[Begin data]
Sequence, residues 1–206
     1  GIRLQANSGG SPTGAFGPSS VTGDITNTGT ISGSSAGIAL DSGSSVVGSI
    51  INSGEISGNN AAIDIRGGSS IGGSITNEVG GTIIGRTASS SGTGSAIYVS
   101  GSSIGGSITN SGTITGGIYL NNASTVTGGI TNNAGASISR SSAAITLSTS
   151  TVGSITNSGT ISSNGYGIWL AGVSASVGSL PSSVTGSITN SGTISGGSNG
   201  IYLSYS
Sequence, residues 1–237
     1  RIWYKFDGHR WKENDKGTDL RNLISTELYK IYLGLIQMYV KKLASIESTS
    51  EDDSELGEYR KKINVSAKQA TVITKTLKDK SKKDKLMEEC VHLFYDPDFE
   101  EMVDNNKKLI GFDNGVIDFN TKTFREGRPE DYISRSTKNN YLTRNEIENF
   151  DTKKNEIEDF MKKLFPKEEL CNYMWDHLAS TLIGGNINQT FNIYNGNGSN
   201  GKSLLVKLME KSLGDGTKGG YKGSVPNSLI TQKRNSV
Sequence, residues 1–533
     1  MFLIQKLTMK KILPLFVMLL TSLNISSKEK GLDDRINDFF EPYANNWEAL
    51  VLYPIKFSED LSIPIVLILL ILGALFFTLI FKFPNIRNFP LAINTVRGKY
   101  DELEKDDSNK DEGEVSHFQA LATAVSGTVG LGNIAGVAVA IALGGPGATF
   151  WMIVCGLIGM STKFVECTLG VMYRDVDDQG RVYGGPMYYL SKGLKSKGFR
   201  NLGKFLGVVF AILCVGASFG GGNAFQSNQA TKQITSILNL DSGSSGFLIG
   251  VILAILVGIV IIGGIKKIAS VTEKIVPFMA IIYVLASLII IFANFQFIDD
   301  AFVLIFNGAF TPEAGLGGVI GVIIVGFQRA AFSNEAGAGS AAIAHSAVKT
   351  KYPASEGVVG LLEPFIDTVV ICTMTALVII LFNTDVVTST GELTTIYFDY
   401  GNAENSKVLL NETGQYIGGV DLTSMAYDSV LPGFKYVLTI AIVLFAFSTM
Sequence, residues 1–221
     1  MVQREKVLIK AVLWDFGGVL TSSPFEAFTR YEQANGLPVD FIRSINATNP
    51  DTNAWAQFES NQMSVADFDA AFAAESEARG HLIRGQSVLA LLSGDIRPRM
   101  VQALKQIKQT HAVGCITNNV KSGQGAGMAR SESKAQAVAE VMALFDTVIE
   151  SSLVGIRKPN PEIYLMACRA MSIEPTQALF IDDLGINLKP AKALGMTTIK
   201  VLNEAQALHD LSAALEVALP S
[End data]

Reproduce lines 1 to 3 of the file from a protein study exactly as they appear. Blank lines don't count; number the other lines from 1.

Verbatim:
Sequence, residues 1–206
     1  GIRLQANSGG SPTGAFGPSS VTGDITNTGT ISGSSAGIAL DSGSSVVGSI
    51  INSGEISGNN AAIDIRGGSS IGGSITNEVG GTIIGRTASS SGTGSAIYVS